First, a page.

by Matthew Turner
In a conversation with a teaching colleague after class at the start of the term, we talked about how fearful our learners appeared to be feeling towards us and how perfectly normal the feeling is after all. While we both agreed that we wanted to make our learners feel comfortable around us, their new classmates, and within their new environment, I recalled the fear that I’d previously felt being a learner. Fear isn’t always such a bad thing, perhaps a little bit of fear might be a useful classroom tool. With this blog post, I want to unpack what I mean, what my experiences have been, and think about how a learner’s fear of the teacher might be something worth harnessing.
As teachers we often aspire to be like educators we’ve met or been students of. For me it’s my history teacher Mr. Cunningham back when I was about fourteen years old. He entered our classroom on his first day at our school and immediately told us all to get out. He sent us out to the playground confused, books and bags in hand. He then invited us back into the classroom one by one, choosing appropriate seats for us. Mr. Cunningham told us to sit where we were told and be silent at the start of each class; he’d made us fear him. As each class progressed, Mr. Cunningham’s persona followed a common path: he’d begin authoritatively, then get us laughing and make sure we left the class having learnt something, and then return to being scary all over again the following day. The element of fear was palpable and ever present amongst us. We were forever aware of what would happen if we stepped out of line, so everyone was so eager not to do the wrong thing. I remember one time Mr. Cunningham stopped an amusing anecdote mid-sentence to deal with two older students smoking outside behind our classroom. After handing down a scolding, he returned to our class and concluded his story, without a hint at what had just occurred.
It wasn’t just down to a sense of fear that I feel inspired as a teacher and felt determined as a learner. Mr. Cunningham was a very engaging and thought-provoking individual. However, fear for me at least was a motivation to work hard in his class because I knew what could happen if I didn’t conduct myself correctly. As an English teacher working in Japan, I think again about this fear that I felt at the start of term all those years ago, and I want to replicate it in some way with my learners. I am by no means the kind of a teacher who has a short fuse or expects learners to do everything as told, I’m open to a bit of mischief in the right places. But it’s an act I feel I must play at the start of term at least in order to get groups of learners on my side. There is no way of knowing if Mr. Cunningham consciously knew what he was doing or thought the same things, but I’ve indeed taken away a lot from his way of doing things.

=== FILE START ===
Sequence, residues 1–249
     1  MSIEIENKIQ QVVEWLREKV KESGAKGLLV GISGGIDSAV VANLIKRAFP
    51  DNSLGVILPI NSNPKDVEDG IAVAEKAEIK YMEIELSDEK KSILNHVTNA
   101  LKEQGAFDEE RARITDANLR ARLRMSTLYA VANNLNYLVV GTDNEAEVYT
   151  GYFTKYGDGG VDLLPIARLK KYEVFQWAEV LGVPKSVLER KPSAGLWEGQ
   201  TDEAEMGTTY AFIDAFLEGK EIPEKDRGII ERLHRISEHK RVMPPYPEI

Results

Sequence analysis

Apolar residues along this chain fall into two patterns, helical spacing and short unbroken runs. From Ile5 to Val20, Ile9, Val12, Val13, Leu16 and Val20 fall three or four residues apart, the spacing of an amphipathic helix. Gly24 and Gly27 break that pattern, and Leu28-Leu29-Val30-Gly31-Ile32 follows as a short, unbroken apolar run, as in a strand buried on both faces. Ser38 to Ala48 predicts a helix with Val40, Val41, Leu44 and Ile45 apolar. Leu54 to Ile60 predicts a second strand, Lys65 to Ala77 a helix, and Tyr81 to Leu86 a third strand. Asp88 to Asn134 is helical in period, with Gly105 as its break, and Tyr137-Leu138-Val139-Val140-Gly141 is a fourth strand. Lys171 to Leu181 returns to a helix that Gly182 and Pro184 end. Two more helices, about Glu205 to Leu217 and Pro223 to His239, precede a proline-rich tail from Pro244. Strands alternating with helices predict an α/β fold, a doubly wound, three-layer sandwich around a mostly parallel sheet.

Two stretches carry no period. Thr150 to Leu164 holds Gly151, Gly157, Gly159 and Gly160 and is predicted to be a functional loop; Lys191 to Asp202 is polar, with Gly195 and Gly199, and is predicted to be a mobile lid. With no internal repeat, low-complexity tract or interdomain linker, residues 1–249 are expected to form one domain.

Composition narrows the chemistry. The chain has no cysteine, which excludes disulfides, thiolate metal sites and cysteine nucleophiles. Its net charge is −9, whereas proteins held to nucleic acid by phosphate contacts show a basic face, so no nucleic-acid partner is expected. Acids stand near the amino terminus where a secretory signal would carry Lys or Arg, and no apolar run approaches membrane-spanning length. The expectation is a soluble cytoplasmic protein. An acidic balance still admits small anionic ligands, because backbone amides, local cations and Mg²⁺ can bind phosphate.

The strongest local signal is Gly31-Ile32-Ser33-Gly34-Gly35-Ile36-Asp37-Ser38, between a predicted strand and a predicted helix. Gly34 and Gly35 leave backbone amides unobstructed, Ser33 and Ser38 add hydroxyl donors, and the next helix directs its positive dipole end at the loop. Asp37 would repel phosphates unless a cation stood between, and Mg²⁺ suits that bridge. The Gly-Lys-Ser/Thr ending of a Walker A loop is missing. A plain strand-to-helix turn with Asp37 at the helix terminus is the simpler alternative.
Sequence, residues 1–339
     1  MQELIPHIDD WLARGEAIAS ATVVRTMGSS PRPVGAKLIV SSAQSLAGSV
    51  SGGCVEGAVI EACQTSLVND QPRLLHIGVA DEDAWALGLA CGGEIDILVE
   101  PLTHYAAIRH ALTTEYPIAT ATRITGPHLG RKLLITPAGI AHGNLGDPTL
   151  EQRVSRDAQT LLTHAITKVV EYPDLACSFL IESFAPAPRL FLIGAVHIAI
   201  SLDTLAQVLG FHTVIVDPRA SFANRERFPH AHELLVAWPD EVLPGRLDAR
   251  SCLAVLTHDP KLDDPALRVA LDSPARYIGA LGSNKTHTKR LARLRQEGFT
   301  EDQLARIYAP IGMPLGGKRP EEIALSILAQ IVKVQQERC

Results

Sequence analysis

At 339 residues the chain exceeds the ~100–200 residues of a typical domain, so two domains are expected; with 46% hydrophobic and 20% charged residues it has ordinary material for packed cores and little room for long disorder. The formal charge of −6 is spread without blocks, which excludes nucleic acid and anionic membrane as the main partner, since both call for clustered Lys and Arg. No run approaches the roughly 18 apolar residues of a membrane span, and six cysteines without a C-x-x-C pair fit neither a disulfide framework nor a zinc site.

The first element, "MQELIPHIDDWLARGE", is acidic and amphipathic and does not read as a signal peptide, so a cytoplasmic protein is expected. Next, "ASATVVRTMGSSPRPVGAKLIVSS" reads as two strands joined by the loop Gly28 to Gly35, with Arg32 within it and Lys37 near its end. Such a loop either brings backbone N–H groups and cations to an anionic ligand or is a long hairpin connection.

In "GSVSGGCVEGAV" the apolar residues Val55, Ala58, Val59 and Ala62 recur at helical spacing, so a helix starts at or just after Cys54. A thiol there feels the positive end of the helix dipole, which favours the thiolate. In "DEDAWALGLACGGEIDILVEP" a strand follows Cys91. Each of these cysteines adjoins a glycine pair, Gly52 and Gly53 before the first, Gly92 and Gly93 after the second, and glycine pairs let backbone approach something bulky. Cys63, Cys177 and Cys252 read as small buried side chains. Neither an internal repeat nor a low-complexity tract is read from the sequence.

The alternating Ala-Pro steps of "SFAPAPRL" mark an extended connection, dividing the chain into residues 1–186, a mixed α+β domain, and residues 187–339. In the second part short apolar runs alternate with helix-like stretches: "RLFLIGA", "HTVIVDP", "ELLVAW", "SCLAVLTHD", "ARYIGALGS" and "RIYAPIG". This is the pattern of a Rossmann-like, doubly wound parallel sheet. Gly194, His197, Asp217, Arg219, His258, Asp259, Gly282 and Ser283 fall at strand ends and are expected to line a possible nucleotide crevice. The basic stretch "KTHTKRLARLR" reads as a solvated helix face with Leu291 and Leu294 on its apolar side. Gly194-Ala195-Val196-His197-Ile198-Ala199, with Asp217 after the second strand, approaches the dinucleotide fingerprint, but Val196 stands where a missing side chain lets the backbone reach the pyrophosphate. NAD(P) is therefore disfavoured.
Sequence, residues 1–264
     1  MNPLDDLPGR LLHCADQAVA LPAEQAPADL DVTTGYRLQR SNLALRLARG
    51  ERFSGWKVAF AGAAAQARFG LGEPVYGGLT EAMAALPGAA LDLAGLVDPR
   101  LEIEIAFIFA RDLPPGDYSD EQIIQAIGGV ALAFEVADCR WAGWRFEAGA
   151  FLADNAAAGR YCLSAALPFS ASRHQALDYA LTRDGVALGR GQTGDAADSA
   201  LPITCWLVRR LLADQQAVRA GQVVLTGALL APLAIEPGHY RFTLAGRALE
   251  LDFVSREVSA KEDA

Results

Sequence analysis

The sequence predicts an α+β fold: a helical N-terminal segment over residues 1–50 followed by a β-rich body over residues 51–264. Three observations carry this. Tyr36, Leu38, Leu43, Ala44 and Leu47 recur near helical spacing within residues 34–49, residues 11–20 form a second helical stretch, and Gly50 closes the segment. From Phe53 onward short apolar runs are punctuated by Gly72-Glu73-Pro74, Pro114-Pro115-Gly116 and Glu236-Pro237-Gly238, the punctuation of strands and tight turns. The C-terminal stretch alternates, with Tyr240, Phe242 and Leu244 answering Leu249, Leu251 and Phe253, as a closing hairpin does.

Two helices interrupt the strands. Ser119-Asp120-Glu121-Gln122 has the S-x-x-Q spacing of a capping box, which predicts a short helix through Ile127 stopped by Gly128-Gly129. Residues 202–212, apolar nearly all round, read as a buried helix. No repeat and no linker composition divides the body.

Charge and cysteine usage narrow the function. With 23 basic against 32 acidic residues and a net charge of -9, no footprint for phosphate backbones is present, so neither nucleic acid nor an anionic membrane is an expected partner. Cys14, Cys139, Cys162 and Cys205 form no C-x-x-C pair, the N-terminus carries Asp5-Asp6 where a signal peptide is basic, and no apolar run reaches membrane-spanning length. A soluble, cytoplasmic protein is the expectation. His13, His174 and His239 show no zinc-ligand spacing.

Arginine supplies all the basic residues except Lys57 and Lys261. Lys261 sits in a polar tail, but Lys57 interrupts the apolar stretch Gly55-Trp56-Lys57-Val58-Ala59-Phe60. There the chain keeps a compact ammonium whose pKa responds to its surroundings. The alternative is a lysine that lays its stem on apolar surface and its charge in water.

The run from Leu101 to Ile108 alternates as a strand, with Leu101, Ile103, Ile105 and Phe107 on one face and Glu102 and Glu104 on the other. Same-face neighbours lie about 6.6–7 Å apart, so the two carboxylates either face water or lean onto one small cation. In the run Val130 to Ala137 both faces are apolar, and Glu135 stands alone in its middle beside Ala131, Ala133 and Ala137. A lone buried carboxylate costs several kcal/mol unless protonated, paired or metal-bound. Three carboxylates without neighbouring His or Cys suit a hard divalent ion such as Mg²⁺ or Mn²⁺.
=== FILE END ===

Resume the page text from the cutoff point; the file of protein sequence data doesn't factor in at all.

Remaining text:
Using, maintaining, or adding an element of fear to the classroom is not something that has hard or fast rules, I feel that it’s more of a tone that has to be recognized and conceived. In the first classes of term, everyone and everything is new. The learners don’t know you, and you don’t know them; it’s the complete fear of the unknown. As a teacher, an early aim should be to set expectations for the learners and establish the right path forward. From teaching similar courses in the past, you know the journey you’re about to lead them on and you know their potential. However, some teachers may want to expedite the process and reduce tension in the class by trying to be friendly from the get-go. This could have a negative effect. I feel that the air of uneasiness and fear could be left to sit for a little longer, making this a great chance to set clear expectations. If the learners are too relaxed with you and each other, rules could also become relaxed. Here’s an example.
I work on an oral fluency-focused English program, a program where learners are assessed on their ability to use different communication skills effectively with one another in discussions tasks. One of these communication skills is to negotiate meaning in English, with L1 use being discouraged and often penalized. Although I’m not entirely convinced with an English-only policy, this is a rule that I feel needs to be established early on. In the initial lessons of the course, if learners overtly and knowingly flout this rule, I feel it’s my duty to address this immediately, and not always in a measured manner. If learners are clearly called out on this straight away, they could be more likely to remember the incident in the future, monitor themselves and others, and work harder not to do it again. Of course, it’s always our duty as teachers to help them to understand why something is a problem and how to remedy it. Like Mr. Cunningham with the smokers, I reveal my ‘dark side’, a glimpse behind the curtain, and then continue onwards. Hopefully, the learners recognize where the lines are drawn and when lines have been crossed.
In class I’m hard to please and try to demand more. On the inside I’m constantly amazed and in awe of what my learners achieve, but I tend to use praise and outward satisfaction sparingly. This is my teacher self, a persona that plays with fear for the good of the class and learning. As teachers, perhaps we could understand the fear that our learners are feeling, and rather than try to reduce it, we could get into character and be a little fearsome ourselves.